Cognitive behavioral therapy (CBT) is one of the main approaches in psychotherapy. It teaches the patient to examine the link between dysfunctional thoughts and maladaptive behaviors and to re- evaluate the cognitive biases involved in the maintenance of symptoms by using strategies such as guided discovery. CBT is constantly evolving in part to improve its' effectiveness and accessibility. Thus in the last decade, increasingly popular approaches based on mindfulness and acceptance have emerged. These therapies do not attempt to modify cognitions even when they are biased and dysfunctional but rather seek a change in the relationship between the individual and the symptoms. This article aims to present the historical context that has allowed the emergence of this trend, the points of convergence and divergence with traditional CBT as well as a brief presentation of the different therapies based on mindfulness meditation and acceptance. Hayes (2004) described three successive waves in behavior therapy, each characterized by "dominant assumptions, methods and goals": traditional behavior therapy, cognitive therapy and therapies based on mindfulness meditation and acceptance. The latter consider that human suffering occurs when the individual lives a restricted life in order avoid pain and immediate discomfort to the detriment of his global wellbeing. These therapies combine mindfulness, experiential, acceptance strategies with traditional behavior principles in order to attain lasting results. There are significant points of convergence between traditional CBT and therapies based on mindfulness meditation and acceptance. They are both empirically validated, based upon a theoretical model postulating that avoidance is key in the maintenance of psychopathology and they recommend an approach strategy in order to overcome the identified problem. They both use behavioral techniques in the context of a collaborative relationship in order to identify precise problems and to achieve specific goals. They focus on the present moment rather than on historical causes. However, they also present significant differences: control vs acceptance of thoughts, focus on cognition vs behavior, focus on the relationship between the individual and his thoughts vs cognitive content, goal of modifying dysfunctional beliefs vs metacognitive processes, use of experiential vs didactic methods, focus on symptoms vs quality of life, strategies used before vs after the unfolding of full emotional response. The main interventions based on mindfulness meditation and acceptance are: Acceptance and Commitment Therapy, Functional Analytic Therapy, the expanded model of Behavioral Activation, Metacognitive Therapy, Mindfulness based Cognitive Therapy, Dialectic Behavior Therapy, Integrative Behavioral Couples Therapy and Compassionate Mind Training. These are described in this article. They offer concepts and techniques which might enhance therapeutic efficacy. They teach a new way to deploy attention and to enter into a relationship with current experience (for example, defusion) in order to diminish cognitive reactivity, a maintenance factor for psychopathology, and to enhance psychological flexibility. The focus on cognitive process, metacognition as well as cognitive content might yield additional benefits in therapy. It is possible to combine traditional CBT with third wave approaches by using psychoeducation and cognitive restructuring in the beginning phases of therapy in order to establish thought bias and to then encourage acceptance of internal experiences as well as exposure to feared stimuli rather than to continue to use cognitive restructuring techniques. Traditional CBT and third wave approaches seem to impact different processes: the former enhance the capacity to observe and describe experiences and the latter diminish experiential avoidance and increase conscious action as well as acceptance. The identification of personal values helps to motivate the individual to undertake actions required in order to enhance quality of life. In the case of chronic illness, it diminishes suffering by increasing acceptance. Although the evidence base supporting the efficacy of third wave approaches is less robust than in the case of traditional cognitive or behavior therapy, therapies based on mindfulness meditation and acceptance are promising interventions that might help to elucidate change process and offer complementary strategies in order to help patients.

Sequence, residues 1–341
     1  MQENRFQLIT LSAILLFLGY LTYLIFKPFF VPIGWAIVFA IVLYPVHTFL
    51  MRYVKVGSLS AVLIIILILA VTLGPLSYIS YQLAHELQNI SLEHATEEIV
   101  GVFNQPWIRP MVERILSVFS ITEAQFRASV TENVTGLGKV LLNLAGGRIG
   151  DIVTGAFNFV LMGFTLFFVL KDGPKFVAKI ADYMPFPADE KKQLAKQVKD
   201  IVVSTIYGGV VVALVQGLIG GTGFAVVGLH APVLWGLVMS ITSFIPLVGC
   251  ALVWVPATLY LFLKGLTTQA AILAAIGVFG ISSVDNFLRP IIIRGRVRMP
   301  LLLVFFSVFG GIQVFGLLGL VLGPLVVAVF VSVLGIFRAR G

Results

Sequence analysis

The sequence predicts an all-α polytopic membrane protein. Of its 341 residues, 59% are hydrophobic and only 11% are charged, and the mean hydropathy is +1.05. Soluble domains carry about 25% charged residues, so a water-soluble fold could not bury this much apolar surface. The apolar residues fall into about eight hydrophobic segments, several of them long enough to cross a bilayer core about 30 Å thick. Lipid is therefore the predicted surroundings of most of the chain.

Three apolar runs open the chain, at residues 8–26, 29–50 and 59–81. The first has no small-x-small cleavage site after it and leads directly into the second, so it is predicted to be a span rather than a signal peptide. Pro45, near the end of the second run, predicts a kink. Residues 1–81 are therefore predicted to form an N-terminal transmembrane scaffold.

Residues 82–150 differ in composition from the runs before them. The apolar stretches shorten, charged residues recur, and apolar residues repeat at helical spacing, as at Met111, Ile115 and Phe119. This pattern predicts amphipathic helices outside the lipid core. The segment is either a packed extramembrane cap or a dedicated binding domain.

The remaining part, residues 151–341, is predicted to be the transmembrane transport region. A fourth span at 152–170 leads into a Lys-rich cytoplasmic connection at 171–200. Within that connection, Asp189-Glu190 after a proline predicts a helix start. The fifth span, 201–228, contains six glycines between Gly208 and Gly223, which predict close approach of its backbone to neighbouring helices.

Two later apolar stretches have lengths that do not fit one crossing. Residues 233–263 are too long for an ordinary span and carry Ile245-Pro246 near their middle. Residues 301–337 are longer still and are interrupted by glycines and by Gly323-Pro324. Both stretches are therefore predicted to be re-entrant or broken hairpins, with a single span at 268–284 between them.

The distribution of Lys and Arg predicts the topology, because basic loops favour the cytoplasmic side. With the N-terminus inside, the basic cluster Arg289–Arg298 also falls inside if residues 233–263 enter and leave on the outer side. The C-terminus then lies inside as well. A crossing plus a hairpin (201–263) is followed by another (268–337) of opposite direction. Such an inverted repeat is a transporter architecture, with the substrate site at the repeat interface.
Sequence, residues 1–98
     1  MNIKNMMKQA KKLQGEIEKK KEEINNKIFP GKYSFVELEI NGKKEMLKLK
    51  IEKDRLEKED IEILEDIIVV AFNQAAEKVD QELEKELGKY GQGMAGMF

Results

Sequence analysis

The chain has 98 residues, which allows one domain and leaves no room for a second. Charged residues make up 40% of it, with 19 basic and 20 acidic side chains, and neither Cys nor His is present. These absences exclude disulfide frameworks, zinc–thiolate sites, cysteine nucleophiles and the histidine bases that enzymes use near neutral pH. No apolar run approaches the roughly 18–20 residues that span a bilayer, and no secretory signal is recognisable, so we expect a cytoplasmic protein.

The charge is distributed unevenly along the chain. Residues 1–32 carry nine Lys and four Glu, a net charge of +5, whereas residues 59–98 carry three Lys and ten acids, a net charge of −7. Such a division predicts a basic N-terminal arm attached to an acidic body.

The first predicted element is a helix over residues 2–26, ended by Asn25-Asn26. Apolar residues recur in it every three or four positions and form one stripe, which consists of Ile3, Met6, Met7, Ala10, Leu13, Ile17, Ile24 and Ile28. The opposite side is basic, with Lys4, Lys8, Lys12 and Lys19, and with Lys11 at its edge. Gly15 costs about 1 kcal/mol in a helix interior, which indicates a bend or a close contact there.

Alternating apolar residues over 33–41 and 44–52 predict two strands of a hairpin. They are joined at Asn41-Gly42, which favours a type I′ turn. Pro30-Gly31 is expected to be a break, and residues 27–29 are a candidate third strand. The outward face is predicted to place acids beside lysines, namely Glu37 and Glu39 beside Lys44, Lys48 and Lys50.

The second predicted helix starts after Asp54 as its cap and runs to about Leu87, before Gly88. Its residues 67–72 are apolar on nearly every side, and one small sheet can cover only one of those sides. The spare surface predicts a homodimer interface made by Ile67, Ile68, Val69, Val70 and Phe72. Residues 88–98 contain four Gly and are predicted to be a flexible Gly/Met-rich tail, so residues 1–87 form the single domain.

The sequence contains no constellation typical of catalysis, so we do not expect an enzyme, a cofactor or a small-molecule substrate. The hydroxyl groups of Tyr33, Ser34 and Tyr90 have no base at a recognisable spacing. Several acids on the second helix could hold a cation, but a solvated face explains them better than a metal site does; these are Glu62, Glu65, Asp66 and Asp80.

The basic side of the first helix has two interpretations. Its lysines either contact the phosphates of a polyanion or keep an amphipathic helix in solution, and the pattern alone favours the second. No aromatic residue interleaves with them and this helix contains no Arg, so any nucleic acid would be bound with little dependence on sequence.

The purpose of this article is to present the characteristics of the Acceptance and Commitment Therapy (ACT) for the treatment of chronic pain. The historical context of the development of cognitive and behavioural therapy (CBT) for chronic pain will be described and the theoretical aspects of ACT will be introduced. The components of an acceptance and mindfulness based treatment will also be presented by exploring various processes of the psychological flexibility model. Finally, the article will summarize the scientific evidence supporting ACT based on experimental, correlational and clinical studies in the field of chronic pain.
The theoretical aspects underlying ACT, as well as its clinical components in the specific domain of chronic pain were described based on major books in this area, such as McCracken (2005) and Dahl et al. (2005). A descriptive literature review was undertaken to explore the data on the efficacy of ACT for the treatment of chronic pain. Psycinfo and Medline, as well as the Association for Contextual Science website were analyzed for relevant articles. The key search terms were: "Acceptance and Commitment Therapy" or "ACT" or "acceptance" or "mindfulness" or "defusion" and "chronic pain" or "pain." The reference lists of the articles retrieved were also analyzed. The articles that were not in English or French were excluded as well as those that were not specific to ACT and chronic pain.